The syntax of social media is changing not only our social habits and behaviors, but also our daily language. What feedback do you have from the kids at the Meeting? Are we dealing with an evolution or involution of language?

The syntax of social media is a double-edged sword. On one hand, it certainly represents an involution of language. An involution, however, that worsens a phenomenon already underway for a while. In that sense, it constitutes a symptom rather than a cause. On the other hand, however, it could constitute an opportunity to express an essential and direct way that which happens in our life. I’ll add that you can use an uncontrivedlanguage also in the use of social media. Our experience of sharing the Meeting through social media witnesses to this. In 140 characters, you could say so much, so well, about what was happening around you.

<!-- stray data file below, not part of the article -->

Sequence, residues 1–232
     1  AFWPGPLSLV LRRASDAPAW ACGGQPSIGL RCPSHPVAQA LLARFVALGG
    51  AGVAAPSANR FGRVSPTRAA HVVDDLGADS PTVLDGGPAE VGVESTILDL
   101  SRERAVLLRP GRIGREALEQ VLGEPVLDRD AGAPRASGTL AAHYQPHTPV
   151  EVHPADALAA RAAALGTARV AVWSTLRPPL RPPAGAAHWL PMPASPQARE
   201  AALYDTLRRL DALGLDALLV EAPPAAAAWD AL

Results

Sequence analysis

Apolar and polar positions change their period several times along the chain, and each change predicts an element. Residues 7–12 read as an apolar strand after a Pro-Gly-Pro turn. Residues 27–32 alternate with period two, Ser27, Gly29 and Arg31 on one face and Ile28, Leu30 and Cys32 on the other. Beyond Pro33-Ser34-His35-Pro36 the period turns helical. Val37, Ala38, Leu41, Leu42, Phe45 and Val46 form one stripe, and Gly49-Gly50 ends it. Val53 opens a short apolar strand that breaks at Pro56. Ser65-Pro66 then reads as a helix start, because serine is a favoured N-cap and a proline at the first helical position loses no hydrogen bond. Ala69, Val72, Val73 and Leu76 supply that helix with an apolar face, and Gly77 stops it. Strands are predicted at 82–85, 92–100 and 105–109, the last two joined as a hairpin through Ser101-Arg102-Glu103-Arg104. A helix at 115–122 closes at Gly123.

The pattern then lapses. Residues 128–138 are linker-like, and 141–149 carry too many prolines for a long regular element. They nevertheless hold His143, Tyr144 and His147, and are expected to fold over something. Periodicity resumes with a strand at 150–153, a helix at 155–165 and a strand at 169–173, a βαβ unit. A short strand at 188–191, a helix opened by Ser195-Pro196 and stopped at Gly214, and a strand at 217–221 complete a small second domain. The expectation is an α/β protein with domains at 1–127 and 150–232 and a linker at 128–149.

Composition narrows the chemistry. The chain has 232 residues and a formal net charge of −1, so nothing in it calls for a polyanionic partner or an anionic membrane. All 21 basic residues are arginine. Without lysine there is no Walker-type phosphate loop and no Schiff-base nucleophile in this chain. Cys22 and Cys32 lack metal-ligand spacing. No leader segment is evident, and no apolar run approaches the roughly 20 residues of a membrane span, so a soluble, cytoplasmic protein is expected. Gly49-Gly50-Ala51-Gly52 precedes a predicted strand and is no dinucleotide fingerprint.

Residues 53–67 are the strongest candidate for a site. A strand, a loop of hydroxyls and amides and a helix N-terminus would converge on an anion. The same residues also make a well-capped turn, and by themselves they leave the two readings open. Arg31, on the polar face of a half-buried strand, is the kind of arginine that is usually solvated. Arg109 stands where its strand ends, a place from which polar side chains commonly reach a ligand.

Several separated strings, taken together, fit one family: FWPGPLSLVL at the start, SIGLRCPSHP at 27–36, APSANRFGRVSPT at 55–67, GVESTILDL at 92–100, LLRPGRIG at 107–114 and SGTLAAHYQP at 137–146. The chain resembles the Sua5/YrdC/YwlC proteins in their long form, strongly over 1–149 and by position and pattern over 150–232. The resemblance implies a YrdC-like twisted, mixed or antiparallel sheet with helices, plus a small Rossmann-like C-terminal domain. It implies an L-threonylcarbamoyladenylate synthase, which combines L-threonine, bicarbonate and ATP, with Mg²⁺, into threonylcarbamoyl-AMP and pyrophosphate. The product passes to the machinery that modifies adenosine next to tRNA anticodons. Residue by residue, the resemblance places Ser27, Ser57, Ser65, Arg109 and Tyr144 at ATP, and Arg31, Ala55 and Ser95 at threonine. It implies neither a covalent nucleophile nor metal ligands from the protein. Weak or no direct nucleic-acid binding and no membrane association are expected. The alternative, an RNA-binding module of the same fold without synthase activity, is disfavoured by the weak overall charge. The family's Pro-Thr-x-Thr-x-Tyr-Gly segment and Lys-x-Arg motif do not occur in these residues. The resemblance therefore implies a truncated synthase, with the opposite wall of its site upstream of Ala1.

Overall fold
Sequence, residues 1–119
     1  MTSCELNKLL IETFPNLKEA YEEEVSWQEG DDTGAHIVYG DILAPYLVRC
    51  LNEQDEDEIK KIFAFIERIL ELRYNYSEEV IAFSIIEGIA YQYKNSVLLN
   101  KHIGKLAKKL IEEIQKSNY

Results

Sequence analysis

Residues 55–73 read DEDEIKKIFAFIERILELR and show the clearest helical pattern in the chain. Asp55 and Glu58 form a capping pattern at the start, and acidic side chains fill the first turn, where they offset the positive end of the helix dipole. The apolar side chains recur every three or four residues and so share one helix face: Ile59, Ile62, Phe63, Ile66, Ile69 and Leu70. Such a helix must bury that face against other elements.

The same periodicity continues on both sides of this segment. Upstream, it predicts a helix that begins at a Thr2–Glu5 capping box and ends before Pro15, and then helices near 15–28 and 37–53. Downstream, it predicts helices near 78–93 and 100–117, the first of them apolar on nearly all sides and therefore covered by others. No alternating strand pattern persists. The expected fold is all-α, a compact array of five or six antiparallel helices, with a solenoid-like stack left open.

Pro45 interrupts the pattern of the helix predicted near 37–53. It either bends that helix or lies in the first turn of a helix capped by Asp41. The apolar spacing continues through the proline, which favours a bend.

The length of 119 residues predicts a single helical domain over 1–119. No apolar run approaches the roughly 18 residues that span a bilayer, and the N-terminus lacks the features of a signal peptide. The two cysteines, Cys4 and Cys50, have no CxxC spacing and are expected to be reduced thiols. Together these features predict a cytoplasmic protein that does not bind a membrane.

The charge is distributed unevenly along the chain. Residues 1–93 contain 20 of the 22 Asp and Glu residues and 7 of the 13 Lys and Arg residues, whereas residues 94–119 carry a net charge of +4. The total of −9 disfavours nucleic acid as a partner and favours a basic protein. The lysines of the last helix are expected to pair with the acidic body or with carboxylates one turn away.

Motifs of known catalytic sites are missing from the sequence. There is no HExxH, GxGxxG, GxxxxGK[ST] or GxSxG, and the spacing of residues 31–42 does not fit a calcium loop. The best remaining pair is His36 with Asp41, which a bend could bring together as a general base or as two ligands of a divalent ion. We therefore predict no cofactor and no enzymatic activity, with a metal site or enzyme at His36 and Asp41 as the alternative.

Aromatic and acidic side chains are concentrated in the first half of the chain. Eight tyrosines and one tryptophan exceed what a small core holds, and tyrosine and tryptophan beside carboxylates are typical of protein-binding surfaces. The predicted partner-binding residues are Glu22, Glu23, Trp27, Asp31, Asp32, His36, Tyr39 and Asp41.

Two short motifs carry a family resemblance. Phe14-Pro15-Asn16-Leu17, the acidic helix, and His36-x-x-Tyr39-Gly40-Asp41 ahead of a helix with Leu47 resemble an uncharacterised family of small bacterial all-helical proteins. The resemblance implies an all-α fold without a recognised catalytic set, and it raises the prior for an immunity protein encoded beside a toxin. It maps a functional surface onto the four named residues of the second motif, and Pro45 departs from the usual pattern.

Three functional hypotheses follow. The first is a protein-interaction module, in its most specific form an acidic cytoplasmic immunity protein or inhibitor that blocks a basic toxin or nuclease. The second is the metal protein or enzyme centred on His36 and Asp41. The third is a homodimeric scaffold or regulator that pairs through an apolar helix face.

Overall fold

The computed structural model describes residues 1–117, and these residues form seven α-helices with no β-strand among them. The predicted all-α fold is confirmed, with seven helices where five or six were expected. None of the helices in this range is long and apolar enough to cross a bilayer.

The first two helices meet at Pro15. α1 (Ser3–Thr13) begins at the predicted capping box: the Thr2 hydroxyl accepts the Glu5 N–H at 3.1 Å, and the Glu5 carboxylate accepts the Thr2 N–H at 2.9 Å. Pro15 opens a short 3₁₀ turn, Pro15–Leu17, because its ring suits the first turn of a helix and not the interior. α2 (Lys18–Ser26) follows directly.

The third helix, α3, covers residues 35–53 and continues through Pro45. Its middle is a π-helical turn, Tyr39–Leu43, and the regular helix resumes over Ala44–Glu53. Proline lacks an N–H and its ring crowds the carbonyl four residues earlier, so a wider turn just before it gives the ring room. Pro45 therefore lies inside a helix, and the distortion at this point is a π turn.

In general, based on your experience at the Meeting, how and in what way can the family be communicated today? To what measure and to which ends can you talk about the family?

One can and should talk about the family, telling above all its central role for the entire society. It is the fundamental core of every authentic experience of social life. Often, however, the family gains the attention of the means of communication only in cases of headline crimes. It is obviously a misrepresentation of reality. At the Meeting, the family is given a privileged part of the experience. Not infrequently do parents and children attend the same meetings, visit exhibits together, and work together with the volunteers (side by side in different sectors). The story of the family’s everyday life, which some may mistakenly define as trivial, is the way to help bring back that centrality of the family, which now assumes only a tragic place.